The ultimate transgression in California

I’m contemplating a startling act for a Californian: relying on public transport to get to work.

A Boston-based friend of mine commented when we moved to Berkeley that the Bay Area had one of the better public transport systems in the country. That’s a sad comment on the country (as my friend was aware). In the middle-class professional circles we frequent, I know only one person who takes Bart to work. Everyone else depends on the car for everything.

I have no doubt that if my office was in San Francisco, I would bart (I think the verbal form is allowed). San Francisco Bay is glorious, but it also means that the choke points of a handful of bridges create terrible traffic in commuter hours. Bart is efficient, clean and reasonably fast. And once you’re in San Francisco, there is very little need for a car during the working day.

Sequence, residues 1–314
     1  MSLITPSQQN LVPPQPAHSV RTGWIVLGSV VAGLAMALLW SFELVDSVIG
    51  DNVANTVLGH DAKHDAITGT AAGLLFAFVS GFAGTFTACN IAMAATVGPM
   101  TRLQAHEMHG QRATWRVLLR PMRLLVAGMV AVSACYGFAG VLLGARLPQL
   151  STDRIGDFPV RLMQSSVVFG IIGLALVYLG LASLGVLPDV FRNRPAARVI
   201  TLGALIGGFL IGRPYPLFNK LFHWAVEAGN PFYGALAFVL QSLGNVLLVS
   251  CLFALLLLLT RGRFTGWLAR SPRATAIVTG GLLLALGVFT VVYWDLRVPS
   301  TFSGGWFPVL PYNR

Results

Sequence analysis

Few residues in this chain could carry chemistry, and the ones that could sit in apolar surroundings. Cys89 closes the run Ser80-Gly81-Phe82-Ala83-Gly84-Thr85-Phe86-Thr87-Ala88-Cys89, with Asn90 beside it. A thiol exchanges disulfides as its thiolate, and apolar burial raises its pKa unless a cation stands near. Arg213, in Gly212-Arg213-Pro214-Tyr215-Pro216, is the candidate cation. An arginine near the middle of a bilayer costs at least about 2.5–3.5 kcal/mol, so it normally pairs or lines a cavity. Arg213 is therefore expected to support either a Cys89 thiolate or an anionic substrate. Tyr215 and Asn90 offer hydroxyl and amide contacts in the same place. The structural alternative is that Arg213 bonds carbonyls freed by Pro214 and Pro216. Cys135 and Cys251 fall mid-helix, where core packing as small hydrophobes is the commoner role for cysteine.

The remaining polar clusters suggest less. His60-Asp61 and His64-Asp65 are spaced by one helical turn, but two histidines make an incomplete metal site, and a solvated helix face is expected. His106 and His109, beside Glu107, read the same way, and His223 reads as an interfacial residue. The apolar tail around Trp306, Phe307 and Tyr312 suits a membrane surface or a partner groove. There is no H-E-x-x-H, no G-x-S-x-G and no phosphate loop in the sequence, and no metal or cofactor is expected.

My office, however, is in Berkeley. In the summer, I cycled to work reasonably regularly. But I don’t want to cycle in the rain (we’ve had quite a bit in the last month) or the dark. So I’m reliant on the bus network. On the map, this looks fine. There’s a good network of buses tying the various parts of Berkeley together. The reality, however, isn’t so great. Because so many people use their cars, the buses are very underused. Because they are underused, the frequency is low. Because the frequency is low, people are reluctant to use the buses. And so on.

Still, I tried the buses for the last couple of weeks, and I might persevere. The one hitch is that without a car at lunchtime, I’m restricted to a handful of places, unless a colleague is going somewhere I want to go. But it feels good to defy the completely car-reliant culture I now live in. In a small way.

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